Screws come in a wide variety of sizes to accommodate different tasks, and knowing the differences between the many types can save DIYers time and frustration, as well as money. They can be classified by a number of characteristics, including head type and drive type. They can also be identified by their diameter and length, as well as screw head shape and countersink or non-countersunk design. They can be categorized by their thread type, too. Screw threads can be coarse or fine, and they are typically either unthreaded or threaded. They can also be referred to as unified or imperial threads, and the difference between them lies in how they are measured. Imperial screws are measured in inches, and gauge numbers are used to indicate the outside diameter of a screw’s threads. The smaller the gauge number, the smaller the screw diameter. Screws that are less than a quarter inch in diameter are labeled from #0 to #14. A decimal equivalent for each gauge is also listed on a chart, which can be found online.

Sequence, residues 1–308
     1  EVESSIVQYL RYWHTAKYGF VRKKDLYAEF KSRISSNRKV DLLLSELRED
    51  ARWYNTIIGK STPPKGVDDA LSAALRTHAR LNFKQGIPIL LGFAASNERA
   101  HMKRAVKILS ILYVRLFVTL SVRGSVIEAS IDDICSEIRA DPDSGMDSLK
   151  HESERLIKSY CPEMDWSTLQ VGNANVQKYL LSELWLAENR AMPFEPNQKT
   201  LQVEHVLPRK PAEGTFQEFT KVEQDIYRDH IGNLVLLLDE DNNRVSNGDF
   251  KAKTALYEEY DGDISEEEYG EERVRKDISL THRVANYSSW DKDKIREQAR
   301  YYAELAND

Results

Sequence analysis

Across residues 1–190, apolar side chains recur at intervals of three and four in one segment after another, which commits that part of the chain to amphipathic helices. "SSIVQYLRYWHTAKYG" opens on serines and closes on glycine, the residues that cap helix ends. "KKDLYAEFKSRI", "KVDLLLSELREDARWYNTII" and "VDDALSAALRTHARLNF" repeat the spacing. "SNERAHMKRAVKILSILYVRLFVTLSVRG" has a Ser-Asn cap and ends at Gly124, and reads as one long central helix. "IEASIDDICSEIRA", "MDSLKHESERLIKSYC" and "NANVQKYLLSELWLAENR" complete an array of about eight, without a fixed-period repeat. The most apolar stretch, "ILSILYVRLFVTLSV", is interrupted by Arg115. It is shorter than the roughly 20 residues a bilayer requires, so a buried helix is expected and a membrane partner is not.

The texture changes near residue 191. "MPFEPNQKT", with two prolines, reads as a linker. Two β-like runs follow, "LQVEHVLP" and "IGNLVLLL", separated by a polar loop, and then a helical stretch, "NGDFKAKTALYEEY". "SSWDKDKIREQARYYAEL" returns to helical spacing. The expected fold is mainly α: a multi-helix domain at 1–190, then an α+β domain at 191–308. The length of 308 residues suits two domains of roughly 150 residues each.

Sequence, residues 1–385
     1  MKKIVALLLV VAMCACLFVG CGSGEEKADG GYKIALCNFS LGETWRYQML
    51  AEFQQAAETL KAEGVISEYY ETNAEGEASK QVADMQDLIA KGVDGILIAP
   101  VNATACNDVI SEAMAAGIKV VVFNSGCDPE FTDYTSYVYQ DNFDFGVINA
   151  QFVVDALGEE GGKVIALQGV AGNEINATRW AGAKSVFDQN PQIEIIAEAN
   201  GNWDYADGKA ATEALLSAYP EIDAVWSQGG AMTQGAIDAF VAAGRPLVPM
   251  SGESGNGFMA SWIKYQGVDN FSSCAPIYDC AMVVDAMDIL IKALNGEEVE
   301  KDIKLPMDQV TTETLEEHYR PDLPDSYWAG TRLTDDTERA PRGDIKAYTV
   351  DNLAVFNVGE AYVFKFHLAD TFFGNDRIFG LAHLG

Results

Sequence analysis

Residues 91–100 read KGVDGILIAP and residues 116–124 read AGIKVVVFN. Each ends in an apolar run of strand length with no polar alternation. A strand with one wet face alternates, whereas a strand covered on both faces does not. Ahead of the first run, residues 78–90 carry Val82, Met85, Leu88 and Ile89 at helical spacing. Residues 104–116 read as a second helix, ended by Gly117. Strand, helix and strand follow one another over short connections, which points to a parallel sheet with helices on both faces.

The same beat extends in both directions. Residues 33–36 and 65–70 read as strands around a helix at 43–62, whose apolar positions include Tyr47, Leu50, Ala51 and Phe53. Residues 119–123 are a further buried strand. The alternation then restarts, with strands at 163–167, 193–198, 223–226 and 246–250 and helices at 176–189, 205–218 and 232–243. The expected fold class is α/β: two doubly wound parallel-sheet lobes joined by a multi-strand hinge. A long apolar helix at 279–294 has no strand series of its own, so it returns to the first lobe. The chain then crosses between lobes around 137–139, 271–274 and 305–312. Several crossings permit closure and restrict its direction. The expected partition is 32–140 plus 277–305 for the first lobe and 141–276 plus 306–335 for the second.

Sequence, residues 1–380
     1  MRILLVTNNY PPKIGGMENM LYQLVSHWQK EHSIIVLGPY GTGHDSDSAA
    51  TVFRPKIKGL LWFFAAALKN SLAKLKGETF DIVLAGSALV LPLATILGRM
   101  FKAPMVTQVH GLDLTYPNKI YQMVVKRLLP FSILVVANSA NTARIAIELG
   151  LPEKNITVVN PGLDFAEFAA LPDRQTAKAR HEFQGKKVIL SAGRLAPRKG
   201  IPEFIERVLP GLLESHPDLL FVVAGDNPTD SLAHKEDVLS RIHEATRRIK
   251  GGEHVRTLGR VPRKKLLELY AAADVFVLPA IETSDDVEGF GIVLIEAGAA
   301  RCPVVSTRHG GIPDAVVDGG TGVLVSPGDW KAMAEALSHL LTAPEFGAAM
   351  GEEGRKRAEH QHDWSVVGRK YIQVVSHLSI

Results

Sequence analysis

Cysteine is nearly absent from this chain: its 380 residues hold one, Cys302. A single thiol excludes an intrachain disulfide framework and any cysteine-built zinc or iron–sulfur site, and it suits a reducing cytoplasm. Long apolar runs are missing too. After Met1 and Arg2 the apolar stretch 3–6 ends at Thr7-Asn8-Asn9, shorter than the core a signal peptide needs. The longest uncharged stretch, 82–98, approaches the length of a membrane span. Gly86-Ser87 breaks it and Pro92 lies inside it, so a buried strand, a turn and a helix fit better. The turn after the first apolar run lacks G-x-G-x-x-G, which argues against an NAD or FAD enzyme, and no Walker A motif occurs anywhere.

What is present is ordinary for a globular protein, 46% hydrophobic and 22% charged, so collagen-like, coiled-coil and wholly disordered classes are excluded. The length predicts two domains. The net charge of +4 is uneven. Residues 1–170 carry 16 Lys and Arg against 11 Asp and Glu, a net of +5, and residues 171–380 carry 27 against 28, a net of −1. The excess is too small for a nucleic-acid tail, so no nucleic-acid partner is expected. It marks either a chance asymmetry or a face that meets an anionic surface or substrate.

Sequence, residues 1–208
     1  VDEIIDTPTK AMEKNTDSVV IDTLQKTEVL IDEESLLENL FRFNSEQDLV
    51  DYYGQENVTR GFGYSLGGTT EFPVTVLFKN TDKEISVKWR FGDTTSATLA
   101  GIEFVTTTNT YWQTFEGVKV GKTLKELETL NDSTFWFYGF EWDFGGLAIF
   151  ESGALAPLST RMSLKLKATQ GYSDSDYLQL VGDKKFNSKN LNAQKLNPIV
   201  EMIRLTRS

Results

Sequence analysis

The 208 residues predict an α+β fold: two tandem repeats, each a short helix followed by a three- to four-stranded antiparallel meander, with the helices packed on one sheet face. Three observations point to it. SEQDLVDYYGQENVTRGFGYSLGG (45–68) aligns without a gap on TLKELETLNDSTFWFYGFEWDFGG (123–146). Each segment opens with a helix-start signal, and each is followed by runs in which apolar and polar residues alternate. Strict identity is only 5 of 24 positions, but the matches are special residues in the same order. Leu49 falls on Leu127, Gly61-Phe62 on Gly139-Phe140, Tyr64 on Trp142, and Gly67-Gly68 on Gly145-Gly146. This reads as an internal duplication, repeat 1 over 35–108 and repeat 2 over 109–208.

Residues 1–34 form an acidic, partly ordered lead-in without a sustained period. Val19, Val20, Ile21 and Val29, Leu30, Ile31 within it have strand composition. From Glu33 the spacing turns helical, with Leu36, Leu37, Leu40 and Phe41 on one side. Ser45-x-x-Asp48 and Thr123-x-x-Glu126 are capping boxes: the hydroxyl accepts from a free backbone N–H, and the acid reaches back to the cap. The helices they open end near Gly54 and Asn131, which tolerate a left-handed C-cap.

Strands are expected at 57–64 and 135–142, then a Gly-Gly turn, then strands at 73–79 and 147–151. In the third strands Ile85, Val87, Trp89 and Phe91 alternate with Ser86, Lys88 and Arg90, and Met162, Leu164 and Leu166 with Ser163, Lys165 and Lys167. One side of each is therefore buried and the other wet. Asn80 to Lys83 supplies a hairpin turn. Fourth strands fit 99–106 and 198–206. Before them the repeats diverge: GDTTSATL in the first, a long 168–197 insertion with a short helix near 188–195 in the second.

The type of screw you need will depend on what task it is being used for, but a few common types include wood screws, finish screws and drywall screws. Drywall screws feature a curve on the junction of their heads and shafts, which prevents them from tearing when they are applied to drywall. Other features of this type of screw include coarse and fine threads and a flat or raised head. screw sizes

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